Ezra Klein has a lengthy, thorough response to the arguments that Republican Paul Ryan has made about the Democratic plans for health care reform. According to Ezra, Ryan make a few good points but is mostly wrong. It will shock you, I know, to hear that I agree with Ezra's analysis.

But that's not the reason, or at least the only reason, the article is worth reading. At the end of the article, Ezra reports on an interview he conducted with economist Robert Reischauer:

Robert Reischauer is the head of the Urban Institute. He's also one of the CBO's most revered former directors, in no small part because his relentlessly honest cost estimates helped doom Bill Clinton's bill in 1994. I reached him earlier today and asked whether he thought this bill made fiscal sense. "Were I in Congress and asked to vote on this," he replied, "I'd vote in favor." The bill isn't perfect, he continued, "but it at least has the prospect for creating a platform over which more significant and far-reaching cost containment can be enacted."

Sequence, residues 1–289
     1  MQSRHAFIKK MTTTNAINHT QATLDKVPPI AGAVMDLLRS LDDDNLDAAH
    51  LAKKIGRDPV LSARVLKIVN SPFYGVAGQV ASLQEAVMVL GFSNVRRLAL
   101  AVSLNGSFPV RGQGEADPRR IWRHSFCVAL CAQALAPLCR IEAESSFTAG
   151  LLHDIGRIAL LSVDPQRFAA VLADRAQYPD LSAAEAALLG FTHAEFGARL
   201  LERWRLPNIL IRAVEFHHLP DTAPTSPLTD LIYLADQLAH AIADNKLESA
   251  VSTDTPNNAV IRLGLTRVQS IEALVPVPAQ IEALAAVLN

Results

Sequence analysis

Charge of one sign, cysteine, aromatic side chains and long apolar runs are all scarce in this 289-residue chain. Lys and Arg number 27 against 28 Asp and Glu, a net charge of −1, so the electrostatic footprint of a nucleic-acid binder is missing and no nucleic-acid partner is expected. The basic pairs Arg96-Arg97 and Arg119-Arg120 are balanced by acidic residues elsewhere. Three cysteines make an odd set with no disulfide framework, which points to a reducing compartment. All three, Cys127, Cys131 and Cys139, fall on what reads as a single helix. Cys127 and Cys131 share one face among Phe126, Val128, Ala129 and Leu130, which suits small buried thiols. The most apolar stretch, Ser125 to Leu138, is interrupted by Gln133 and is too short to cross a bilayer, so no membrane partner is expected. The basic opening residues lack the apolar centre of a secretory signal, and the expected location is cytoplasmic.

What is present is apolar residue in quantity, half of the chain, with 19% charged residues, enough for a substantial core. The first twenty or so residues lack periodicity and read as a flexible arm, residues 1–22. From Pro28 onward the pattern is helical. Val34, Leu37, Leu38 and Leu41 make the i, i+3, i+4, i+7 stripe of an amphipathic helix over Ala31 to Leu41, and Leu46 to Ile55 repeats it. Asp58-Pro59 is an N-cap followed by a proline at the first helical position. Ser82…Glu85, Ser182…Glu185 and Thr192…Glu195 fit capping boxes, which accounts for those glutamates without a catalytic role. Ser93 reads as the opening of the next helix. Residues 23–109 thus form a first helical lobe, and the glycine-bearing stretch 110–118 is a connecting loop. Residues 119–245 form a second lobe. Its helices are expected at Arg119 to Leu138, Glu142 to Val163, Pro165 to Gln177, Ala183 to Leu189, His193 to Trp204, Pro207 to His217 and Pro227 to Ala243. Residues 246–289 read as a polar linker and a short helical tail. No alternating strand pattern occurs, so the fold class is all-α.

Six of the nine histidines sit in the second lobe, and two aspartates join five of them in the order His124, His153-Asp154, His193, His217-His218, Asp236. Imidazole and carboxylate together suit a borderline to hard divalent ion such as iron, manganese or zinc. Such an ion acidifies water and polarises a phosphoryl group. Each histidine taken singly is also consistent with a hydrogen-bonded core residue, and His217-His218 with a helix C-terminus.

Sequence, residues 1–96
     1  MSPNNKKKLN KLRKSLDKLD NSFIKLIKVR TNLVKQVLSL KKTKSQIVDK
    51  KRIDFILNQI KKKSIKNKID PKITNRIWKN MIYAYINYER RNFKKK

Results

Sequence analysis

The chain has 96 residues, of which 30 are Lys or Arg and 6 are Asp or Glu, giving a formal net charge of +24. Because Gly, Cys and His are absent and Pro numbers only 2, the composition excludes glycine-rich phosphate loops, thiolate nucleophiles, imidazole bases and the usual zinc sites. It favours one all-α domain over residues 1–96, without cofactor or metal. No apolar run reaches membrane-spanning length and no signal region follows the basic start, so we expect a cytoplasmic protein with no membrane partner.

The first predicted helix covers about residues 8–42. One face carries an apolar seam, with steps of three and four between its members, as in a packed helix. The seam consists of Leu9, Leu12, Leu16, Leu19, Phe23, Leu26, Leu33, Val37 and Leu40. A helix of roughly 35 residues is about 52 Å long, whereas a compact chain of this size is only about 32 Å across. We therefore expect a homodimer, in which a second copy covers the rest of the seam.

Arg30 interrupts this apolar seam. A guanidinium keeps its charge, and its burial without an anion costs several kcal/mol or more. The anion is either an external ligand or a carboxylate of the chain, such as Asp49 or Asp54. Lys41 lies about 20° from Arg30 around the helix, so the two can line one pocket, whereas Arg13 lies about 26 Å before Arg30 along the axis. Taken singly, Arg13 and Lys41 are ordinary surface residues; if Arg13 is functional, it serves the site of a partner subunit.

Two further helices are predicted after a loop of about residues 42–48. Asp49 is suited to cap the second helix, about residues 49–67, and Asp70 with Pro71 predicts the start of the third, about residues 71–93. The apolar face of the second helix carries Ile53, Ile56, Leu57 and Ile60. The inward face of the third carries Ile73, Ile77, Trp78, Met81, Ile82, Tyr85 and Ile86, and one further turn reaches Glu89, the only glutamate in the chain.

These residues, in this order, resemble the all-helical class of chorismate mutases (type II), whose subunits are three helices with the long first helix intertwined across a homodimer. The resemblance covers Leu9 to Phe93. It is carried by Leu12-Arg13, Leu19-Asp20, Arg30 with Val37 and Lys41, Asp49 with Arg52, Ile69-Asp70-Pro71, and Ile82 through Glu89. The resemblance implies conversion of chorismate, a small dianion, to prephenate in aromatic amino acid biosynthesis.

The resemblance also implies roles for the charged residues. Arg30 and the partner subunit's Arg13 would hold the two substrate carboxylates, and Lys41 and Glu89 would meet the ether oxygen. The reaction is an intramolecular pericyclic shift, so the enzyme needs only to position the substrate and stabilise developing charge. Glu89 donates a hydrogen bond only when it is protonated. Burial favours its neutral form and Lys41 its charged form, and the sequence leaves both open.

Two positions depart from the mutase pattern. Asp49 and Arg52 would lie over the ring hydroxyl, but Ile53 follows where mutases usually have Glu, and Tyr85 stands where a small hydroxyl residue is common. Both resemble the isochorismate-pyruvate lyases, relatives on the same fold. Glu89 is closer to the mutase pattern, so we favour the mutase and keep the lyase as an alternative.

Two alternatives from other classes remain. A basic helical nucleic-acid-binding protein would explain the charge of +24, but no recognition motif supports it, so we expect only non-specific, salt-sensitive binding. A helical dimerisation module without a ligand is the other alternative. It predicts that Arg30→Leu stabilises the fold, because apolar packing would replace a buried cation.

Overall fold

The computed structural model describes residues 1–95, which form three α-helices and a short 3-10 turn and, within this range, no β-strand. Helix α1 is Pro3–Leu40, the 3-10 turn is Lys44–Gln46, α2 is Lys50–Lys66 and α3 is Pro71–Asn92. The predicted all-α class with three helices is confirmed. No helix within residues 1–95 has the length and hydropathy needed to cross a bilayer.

Reischauer's credentials as a fiscal hawk are unparalleled in Washington. As Ezra notes, his dour forecasts of potential savings in the Clinton health care plan played a pivotal role in the plan's political fate. And many people--including me--thought those forecasts were far too pessimistic.

So the fact that Reischauer would vote for this bill, even if its imperfect, says a lot about it. Let's hope members of Congress who think of themselves as fiscally conservative are paying attention.